Saddened to hear of the death of Omar Sharif, and then bloody annoyed by the BBC obituary, which accompanied the line “as the years went on, the films grew worse,” with a cut to a clip from JUGGERNAUT. JUGGERNAUT is an excellent film, and its director was likely to be watching. You don’t want to hear of the death of a collaborator (the fourth in as many months, counting costume designer Julie Harris, and actors Christopher Lee and Ron Moody) and get insulted at one at the same time.

While the obit stressed Omar’s being more interested in playing bridge than making movies, which he admitted himself, Lester told me he had been convinced, shooting JUGGERNAUT, that Omar would direct something himself, so keen was his fascination with every aspect of the production — not doubt stimulated by the fact that Lester’s process was so different from the conventional approach.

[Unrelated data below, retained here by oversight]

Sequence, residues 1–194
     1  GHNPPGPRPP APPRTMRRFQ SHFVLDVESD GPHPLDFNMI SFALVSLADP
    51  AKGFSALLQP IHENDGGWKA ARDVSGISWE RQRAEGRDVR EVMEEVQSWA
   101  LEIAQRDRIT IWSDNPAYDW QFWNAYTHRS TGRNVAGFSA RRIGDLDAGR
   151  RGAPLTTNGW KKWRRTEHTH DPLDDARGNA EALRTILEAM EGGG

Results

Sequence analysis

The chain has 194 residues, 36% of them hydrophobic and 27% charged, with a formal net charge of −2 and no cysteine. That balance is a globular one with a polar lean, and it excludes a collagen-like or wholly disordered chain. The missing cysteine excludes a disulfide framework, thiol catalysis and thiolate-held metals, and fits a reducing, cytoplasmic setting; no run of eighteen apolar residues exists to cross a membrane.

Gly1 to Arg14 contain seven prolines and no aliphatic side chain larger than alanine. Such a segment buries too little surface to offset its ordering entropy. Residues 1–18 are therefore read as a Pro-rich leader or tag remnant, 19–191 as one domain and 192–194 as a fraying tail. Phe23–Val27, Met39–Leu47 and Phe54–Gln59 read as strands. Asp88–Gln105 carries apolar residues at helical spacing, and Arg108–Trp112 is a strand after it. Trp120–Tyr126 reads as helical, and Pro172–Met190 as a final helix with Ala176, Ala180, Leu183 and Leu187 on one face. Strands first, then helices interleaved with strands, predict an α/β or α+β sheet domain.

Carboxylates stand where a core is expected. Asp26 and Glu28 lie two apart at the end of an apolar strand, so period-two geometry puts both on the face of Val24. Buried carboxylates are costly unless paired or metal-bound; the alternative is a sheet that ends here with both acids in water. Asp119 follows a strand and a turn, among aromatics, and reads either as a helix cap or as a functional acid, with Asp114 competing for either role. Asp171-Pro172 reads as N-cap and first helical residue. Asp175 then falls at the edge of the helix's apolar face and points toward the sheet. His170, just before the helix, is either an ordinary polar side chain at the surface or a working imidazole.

vlcsnap-2015-07-11-11h10m03s118

We marked Omar’s passing by viewing John Frankenheimer’s THE HORSEMEN (1971), also starring Jack Palance, Leigh Taylor-Young and David de Keyser, inexplicably uncredited in a major role originally earmarked for Frank Langella, who got an earful from the volatile Frankenheimer when he opted to do THE WRATH OF GOD instead and sleep with Rita Hayworth.

vlcsnap-2015-07-11-11h10m24s72